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‘Pavement is as viable today as we were in the mid-90s’

Pavement’s Bob Nastanovich says in both horse racing and music, he’s learned how to lose. But, at least on stage, things are looking up.

Pavement

Pavement play Bluedot this summer. Photo: PR

At the nexus point of indie-rock and equestrian sport, Bob Nastanovich stands alone. On one side of his life, he’s the affable percussionist, shouter-in-chief and all-round good vibes guru in Pavement, one of the most beloved and acclaimed if also most dysfunctional American guitar bands of the 1990s. On the other side, to mixed degrees of financial success, Nastanovich has since his youth been immersed in the world of thoroughbred horse racing, whether as a horse owner and breeder, manager, jockey agent, correspondent, pundit or, currently, data analyst. To date, he remains the only known American to have attended horse-racing fixtures at all 60 British racecourses.

Ask Nastanovich what a lifetime in rock’n’roll has taught him about horse racing and vice versa, and he gives same answer both ways. “I’ve learned how to lose very, very well,” he laughs.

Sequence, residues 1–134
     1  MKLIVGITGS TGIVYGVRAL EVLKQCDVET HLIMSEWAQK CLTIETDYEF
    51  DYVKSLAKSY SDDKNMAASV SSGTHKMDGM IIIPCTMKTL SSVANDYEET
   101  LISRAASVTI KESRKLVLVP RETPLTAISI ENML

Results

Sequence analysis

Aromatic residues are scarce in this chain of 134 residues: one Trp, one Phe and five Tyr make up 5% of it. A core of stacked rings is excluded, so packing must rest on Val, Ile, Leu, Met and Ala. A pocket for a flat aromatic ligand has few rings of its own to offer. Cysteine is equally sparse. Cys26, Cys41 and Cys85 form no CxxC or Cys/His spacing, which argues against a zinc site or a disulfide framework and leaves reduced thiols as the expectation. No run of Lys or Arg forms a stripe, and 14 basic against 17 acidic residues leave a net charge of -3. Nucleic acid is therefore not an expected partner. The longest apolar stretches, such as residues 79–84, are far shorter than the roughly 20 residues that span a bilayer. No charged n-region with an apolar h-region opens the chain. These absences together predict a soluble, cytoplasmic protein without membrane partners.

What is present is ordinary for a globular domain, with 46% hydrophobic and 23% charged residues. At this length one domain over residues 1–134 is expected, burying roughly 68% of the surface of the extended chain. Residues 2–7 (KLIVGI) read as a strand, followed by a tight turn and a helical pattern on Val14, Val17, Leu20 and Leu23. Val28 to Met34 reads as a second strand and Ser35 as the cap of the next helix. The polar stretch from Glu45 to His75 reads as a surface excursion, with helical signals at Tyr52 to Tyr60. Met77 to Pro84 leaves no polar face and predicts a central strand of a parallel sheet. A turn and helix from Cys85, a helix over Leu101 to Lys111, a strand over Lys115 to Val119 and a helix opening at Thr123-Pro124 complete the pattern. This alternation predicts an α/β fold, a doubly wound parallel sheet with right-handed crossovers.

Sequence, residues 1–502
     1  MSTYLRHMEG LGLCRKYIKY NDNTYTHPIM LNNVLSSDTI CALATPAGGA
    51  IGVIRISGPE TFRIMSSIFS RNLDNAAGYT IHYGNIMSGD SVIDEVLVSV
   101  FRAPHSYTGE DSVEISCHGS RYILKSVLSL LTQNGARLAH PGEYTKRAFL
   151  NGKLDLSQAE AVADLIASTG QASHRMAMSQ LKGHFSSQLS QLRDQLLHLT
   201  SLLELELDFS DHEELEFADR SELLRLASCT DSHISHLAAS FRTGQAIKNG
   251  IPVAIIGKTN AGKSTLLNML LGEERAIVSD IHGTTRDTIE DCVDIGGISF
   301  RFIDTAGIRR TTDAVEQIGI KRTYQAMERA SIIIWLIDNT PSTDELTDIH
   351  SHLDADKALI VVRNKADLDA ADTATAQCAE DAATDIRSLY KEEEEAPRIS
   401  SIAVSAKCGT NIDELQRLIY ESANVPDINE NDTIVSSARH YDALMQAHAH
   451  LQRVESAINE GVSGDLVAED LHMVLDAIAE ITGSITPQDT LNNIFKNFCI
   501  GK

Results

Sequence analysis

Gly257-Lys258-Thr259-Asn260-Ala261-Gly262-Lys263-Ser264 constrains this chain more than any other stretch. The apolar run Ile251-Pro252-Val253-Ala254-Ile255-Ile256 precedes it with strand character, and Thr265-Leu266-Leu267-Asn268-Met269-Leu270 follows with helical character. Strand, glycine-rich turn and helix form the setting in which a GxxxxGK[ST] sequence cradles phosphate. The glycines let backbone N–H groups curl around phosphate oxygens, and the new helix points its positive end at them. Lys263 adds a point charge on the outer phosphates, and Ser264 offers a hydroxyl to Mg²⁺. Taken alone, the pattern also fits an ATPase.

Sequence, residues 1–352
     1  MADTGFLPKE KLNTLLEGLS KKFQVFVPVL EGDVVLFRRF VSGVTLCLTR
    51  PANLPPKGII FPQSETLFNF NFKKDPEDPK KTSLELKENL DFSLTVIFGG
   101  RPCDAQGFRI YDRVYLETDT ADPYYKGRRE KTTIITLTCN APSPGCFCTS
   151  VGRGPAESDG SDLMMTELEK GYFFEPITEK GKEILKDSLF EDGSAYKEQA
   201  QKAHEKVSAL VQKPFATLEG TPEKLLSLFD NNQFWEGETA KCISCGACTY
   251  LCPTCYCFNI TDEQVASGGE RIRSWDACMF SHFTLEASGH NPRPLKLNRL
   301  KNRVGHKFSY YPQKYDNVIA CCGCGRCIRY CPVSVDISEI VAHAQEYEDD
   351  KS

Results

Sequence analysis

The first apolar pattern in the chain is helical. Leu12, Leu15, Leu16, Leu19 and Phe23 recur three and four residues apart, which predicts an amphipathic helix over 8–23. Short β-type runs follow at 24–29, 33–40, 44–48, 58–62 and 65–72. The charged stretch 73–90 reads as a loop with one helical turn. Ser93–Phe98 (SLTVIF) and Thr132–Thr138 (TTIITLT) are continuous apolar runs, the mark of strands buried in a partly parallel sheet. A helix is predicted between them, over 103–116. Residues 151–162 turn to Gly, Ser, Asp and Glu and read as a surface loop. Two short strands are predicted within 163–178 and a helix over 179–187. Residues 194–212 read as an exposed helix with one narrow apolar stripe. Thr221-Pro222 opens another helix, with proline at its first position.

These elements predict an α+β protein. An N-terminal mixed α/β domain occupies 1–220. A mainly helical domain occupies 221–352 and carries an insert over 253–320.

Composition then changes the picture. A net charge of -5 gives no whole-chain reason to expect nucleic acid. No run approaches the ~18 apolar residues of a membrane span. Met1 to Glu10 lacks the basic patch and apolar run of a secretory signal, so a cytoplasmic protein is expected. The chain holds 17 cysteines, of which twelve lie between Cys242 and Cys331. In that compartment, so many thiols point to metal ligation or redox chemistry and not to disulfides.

We talk by wonky video call from Nastanovich’s small home in “a very unsexy place called Paris, Tennessee”, as he puts it, an affordably unfashionable town where he keeps some horses (among his herd: a filly called Range Life, named after the Pavement song). It’s been blowing gales all day and his power and internet keep coming in and out; at one point he has to sit in his car to get a connection.

Towards the end of 2022, Nastanovich was traversing the US and Europe with Pavement on a rapturously received pandemic-delayed reunion tour, the band’s second since splitting acrimoniously in 2000. Unlike Pavement’s first reunion in 2010 – which lasted less than a year and was rumoured to have taken place mainly for financial reasons, including helping Nastanovich pay off gambling debts – this one seems to have somehow stuck.